(Distributed 06/24/09) Organizers expect 600 youth from across Louisiana to compete in the 40th annual Louisiana 4-H and FFA State Horse Show July 6-11 in West Monroe.
(Distributed 06/02/09) Twelve new members of the Louisiana 4-H Hall of Fame will be inducted at the grand opening of the Louisiana 4-H Museum in Mansura from 2-4 p.m. on July 18.
(Distributed 06/25/09) Winners of 2009 4-H scholarships were among those honored during ceremonies at the LSU AgCenter’s 4-H University June 23-25 in Baton Rouge. The young adults from across Louisiana were honored at an awards banquet June 23 and at an assembly June 24 on the LSU campus.
(Distributed 06/05/09) Agricultural producers aspiring to be Louisiana Master Farmers can choose among 11 events scheduled for 2009 to help them meet the requirements for the program, according to Donna Morgan, LSU AgCenter agent in Alexandria, La.
(Distributed 06/26/09) BATON ROUGE – Louisiana youth took home honors as state contest winners and alternates as the LSU AgCenter’s 4-H University concluded Thursday night (June 25) on the LSU campus.
(Distributed 06/17/09) The current spate of dry weather approaching drought conditions has Louisiana farmers in a bind, according to experts with the LSU AgCenter.
(Distributed 06/22/09) Briefings on agricultural issues and farm visits highlighted a study tour to Santa Barbara County, Calif., June 8-12, for the current class in the LSU AgCenter’s Agricultural Leadership Development Program.
(Distributed 06/01/09) BATON ROUGE – Participants in 4-H are known for their prize-winning animals and giving back to their communities through ambitious service projects. But at 4-H University, these students will compete in contests ranging from computer simulation to sports broadcasting.
(Distributed 06/19/09) CROWLEY, La. – The current hot, dry weather could reduce the amount of fungicides needed for this year’s rice crop, an LSU AgCenter plant pathologist said at the Acadia Parish rice field day Thursday (June 18).
(Distributed 06/08/09) Your plans for a storm or other disaster need to include what you’ll do about any pets and livestock you own, as well as all the other measures to protect your family and property. LSU AgCenter experts say to make your plans early, so you can put them into play the minute a potential disaster threatens.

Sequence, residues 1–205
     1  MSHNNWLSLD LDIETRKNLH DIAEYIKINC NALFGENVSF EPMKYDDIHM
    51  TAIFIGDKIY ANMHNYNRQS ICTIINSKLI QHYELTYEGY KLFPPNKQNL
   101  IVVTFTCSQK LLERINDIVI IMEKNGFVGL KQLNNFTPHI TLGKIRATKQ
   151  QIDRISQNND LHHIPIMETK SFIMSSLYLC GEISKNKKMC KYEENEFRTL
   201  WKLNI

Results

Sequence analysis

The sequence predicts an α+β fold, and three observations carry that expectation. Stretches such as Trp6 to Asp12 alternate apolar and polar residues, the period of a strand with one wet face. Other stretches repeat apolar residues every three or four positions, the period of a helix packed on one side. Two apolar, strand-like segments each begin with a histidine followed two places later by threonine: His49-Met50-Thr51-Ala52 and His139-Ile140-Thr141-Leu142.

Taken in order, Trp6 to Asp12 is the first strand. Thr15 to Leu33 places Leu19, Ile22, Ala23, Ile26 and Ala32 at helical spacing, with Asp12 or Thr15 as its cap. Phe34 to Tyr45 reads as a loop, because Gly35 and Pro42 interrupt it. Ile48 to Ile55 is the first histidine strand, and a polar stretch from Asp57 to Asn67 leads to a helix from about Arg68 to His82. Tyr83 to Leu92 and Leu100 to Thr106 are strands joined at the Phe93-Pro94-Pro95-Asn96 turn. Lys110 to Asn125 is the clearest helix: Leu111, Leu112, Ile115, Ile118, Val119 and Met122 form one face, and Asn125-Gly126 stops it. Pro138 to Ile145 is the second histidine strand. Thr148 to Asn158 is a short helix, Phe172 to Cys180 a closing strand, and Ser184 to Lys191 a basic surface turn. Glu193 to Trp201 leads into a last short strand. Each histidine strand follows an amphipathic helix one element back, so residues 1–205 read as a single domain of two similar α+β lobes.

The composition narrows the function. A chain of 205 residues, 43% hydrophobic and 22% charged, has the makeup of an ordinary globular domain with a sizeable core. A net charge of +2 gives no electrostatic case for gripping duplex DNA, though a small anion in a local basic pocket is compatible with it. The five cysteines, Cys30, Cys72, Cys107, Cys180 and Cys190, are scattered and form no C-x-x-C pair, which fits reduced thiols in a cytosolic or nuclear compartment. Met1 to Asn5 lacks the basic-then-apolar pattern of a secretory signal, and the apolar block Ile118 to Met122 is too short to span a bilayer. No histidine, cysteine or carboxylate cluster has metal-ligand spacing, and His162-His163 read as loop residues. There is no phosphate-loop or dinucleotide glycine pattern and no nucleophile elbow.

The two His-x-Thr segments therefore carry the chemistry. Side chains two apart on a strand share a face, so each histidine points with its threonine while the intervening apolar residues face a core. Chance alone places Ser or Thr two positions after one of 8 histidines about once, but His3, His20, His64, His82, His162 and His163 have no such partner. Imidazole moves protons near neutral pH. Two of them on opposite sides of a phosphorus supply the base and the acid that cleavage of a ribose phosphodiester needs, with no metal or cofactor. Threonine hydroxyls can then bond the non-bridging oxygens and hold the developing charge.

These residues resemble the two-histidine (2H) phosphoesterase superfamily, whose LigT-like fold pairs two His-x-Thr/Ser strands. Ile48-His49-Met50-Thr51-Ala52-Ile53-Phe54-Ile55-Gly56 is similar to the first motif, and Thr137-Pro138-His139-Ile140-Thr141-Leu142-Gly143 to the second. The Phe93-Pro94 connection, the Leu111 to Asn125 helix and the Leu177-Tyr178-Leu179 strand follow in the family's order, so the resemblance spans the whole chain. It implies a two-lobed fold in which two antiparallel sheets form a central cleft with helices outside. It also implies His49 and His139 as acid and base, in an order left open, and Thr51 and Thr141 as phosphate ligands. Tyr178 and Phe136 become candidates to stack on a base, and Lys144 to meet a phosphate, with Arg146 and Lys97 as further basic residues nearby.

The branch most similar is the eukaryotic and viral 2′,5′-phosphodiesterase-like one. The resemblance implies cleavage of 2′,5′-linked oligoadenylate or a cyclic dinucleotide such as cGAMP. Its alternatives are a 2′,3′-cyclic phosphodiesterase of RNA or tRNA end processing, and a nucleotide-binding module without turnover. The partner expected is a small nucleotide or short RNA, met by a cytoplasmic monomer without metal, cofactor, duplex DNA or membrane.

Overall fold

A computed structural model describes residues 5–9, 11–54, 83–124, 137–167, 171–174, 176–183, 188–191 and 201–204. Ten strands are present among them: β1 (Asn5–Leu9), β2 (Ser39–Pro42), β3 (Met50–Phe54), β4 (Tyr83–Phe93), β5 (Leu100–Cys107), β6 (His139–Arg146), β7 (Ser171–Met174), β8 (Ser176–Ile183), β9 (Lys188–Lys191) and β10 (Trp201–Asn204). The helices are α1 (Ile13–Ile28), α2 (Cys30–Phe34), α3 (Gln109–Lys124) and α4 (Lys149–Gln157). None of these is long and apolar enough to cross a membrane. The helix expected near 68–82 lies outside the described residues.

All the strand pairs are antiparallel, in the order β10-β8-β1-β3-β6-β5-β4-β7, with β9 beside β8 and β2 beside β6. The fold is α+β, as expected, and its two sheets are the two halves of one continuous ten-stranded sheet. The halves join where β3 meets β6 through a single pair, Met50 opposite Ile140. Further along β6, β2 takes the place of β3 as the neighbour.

(Distributed 06/01/08) It’s no surprise that experts say hurricane season is a time for planning. Making the appropriate arrangements and having good emergency plans can reduce damage to your home, help you cope during the storm and help you recover more easily after the storm, according to experts with the LSU AgCenter.
(Distributed 06/12/09) Educators who want to learn how to teach high school students about money management may take free workshops from the LSU AgCenter during July.
(Distributed 06/12/09) This Father's Day, let your father know how much you care by helping him choose and eat a healthy diet.
(Distributed 06/19/09) Crape myrtles continue to be one of the most widely used landscape trees in the southeastern United States.
(Distributed 06/26/09) Hollies are right behind azaleas, gardenias, camellias, sasanquas and Indian hawthorns in popularity among evergreen shrubs, and they may even be more popular than some of those.
(Distributed 06/05/09) Coleus have long been a summer favorite for Louisiana landscapes. Many old varieties are still with us, but many new ones have sparked renewed interest in this old southern favorite.
(Distributed 06/12/09) Summer is here, and that means butterfly gardening season is upon us. Bedding plants and herbaceous perennials are in full bloom attracting butterflies to our home landscapes.